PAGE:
Liverpool City Mission was founded in 1829 under the title of “The Society for Promoting the Religious Improvement of the Poor of Liverpool and the Neighbourhood” by some 40 pioneers (Christian businessmen and ministers) in response to the poverty and squalid living conditions in Liverpool at that time. This rather cumbersome title was later shortened to “The Liverpool Christian Instruction Society”. Later it became the “Liverpool Town Mission” and eventually when Liverpool was given the city status we became “Liverpool City Mission.”

In the early days of the Mission, the “agents” would visit homes all over the city to read scripture and explain the way of salvation to those who were unable to find a home in the established churches of the day. It was founded in the same year as the “Stephenson’s Rocket” trials.

The purpose of the Mission was to bring practical help and support to poor families and to preach the good news of Jesus Christ. Later, Mission Centres were established as places of worship for the poor. Some are still part of the Mission today.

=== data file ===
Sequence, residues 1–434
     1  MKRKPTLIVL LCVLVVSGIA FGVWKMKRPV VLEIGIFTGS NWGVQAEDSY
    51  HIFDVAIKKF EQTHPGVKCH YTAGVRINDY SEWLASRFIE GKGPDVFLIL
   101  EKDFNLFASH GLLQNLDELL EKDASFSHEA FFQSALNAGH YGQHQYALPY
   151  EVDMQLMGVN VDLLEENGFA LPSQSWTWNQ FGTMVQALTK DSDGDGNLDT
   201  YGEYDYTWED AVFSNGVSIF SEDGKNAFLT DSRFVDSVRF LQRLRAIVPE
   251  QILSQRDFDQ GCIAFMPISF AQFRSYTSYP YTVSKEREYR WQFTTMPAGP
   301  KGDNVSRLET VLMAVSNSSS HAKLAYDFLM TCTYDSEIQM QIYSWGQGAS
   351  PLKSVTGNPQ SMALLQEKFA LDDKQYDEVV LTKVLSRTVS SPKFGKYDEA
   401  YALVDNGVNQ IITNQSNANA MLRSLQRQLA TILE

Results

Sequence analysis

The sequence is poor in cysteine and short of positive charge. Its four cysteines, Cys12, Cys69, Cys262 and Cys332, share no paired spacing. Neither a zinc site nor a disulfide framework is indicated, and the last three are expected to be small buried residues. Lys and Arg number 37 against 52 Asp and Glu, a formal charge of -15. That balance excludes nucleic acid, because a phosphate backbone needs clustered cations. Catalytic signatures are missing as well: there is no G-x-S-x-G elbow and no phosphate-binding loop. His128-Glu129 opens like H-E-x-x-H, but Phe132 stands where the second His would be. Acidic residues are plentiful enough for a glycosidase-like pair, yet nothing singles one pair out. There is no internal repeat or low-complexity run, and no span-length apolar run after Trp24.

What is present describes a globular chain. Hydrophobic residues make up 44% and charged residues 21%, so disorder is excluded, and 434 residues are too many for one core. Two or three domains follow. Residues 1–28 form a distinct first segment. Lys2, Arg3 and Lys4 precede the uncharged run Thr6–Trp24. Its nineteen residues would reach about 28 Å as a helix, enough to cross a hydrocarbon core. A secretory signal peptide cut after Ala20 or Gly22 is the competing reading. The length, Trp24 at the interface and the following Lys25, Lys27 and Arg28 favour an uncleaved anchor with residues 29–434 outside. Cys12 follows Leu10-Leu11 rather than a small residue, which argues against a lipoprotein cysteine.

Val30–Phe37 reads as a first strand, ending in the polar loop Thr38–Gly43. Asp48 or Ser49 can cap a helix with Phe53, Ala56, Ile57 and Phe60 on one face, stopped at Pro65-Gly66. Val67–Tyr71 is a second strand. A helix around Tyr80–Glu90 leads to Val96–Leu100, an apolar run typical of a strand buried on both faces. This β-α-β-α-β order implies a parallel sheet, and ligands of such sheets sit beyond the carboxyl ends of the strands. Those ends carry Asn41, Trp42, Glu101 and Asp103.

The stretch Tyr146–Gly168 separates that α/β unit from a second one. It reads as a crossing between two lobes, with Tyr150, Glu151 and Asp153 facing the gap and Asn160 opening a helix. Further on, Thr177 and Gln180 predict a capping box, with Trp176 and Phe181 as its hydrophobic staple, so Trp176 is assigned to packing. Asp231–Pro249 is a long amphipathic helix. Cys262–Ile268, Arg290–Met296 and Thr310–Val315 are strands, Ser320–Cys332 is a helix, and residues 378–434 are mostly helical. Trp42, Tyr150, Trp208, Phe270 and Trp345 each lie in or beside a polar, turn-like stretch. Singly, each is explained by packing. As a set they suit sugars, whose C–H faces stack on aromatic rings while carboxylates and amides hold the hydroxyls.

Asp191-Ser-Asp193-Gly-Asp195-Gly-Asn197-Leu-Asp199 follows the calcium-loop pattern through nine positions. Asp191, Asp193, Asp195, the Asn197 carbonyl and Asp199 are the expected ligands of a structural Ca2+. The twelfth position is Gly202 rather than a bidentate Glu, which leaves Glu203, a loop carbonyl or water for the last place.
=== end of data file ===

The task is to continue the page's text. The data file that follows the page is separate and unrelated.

Dr W.H. Duncan, the first medical officer of health for Liverpool was on the Mission Committee from 1844 -1848. He estimated that in 1844 there were 6,294 cellars, with 20,168 inhabitants. He described these cellars as being 10 to 12 feet square, generally flagged (but frequently having only the bare earth for a floor and sometimes less than 6 feet in height). Often there was no window and through defective drainage, generally very damp.

Among other famous Christian men of Liverpool was Alexander Balfour. Although not on the LCM Committee he was a great supporter of LCM in the 1870’s, both prayerfully and financially. His statue can be found in St John’s Gardens at the rear of St George’s Hall.


In 1845 the Irish Potato Famine brought thousands more destitute and starving people across the Irish Sea to Liverpool. This mass immigration continued to its height in 1847 when it is estimated that 80,000 people came to live in the town.

Since 1829 the Liverpool City Mission has been caring for the poor and needy within the city. Although social and economic conditions have improved beyond all recognition over the past two centuries there still remains a significant minority who are homeless, or who have accommodation but live in abject poverty. The Mission seeks to minister to these people by actions and words.


To mark our 150th year in 1979, we published our history in A Voice in the City. A copy has been scanned in for you to browse and search: